Our City of Clay in Africa – Djenne in Mali

 

A UNESCO world heritage site, the ancient town,Djenne in the heart of  Mali,stands on Africa's mighty River Niger. A city of mud houses, streets and city walls. The ochre mud composition gives out an embezzling monochrome look.

 

 

 

The journey to Djenne is like stepping into another era. Little has changed since its prosperous 14th and 15th-century heydays.

Djenne on the flood lands of the Bani and Niger rivers is about 220 miles south-west of Timbuktu. Before  1591, Djenné became a prosperous center of slave, ivory and gold trade. Known as the oldest city in Sub Sahara Africa,  famous for its Great Mosque and market.

It was founded around 800AD by merchants and flourished. The meeting place for Sudan desert traders and Guinea tropical forests, it became an impactful trading center and thrived due to its direct river connection with Timbuktu and the head of all trade routes leading to salt and gold mines.

Controlled by empires of Morrocan kings it expanded featuring products from the north and central Africa until the French occupied in in 1893.

Commercial functions were then taken over by Mopti town in the confluence of Bani and Niger rivers, in the northeast,  An agricultural trade center, Djenne boasts Muslim Architecture and a great mosque.

The great mosque built in 1905 is a classic Sahelian mud architecture.

The highlight of each year is an event when annually, the inhabitants of the town gather and refine the mud structure, giving it a new layer to replace what torrential rains fade out. The festival of plastering event: La Fete de crepissage.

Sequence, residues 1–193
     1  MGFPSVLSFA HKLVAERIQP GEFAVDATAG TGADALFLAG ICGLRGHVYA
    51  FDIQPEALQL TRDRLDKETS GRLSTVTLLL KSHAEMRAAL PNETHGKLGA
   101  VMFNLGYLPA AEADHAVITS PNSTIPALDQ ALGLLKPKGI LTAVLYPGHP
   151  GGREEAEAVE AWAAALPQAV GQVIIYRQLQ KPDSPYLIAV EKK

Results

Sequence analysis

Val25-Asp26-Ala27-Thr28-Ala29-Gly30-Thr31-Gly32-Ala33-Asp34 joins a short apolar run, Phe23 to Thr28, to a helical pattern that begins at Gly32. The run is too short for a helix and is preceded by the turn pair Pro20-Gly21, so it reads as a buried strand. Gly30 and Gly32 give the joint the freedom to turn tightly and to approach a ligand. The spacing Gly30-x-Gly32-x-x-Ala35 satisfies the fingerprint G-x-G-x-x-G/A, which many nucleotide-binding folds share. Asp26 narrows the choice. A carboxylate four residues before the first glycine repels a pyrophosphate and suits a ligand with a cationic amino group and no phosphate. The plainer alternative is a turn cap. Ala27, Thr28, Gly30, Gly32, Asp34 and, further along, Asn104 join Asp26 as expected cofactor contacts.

The labors of plasterers are accompanied with a beating of drums. The drums are perched on wooden spikes that stick out of the walls, serving as permanent scaffolding and decoration.

Younger girls carry bowls and buckets  of water and mud from the river bed, and older women pound millet making pancakes,

Special meals are made by each family to celebrate the occasion. Proud of their architectural heritage the people of Djenne have long resisted paved roads and any introduction of electricity.

Only a handful of cars exist in Djenne belonging mostly to government officials that run development programmes for sustainability.

All new buildings and even the hospital are built in traditional style and technique binding the river mus with straw and grass

The building material is plentiful and cheap and the clay keeps houses cool, even with the scorching hot sun outside.

Labor for repairing is becoming a challenge in present day when most move into cities with computers, email, and television.

The architectural gem receives foreign aid to maintain its splendor and keep it the same, for another two decades and more!

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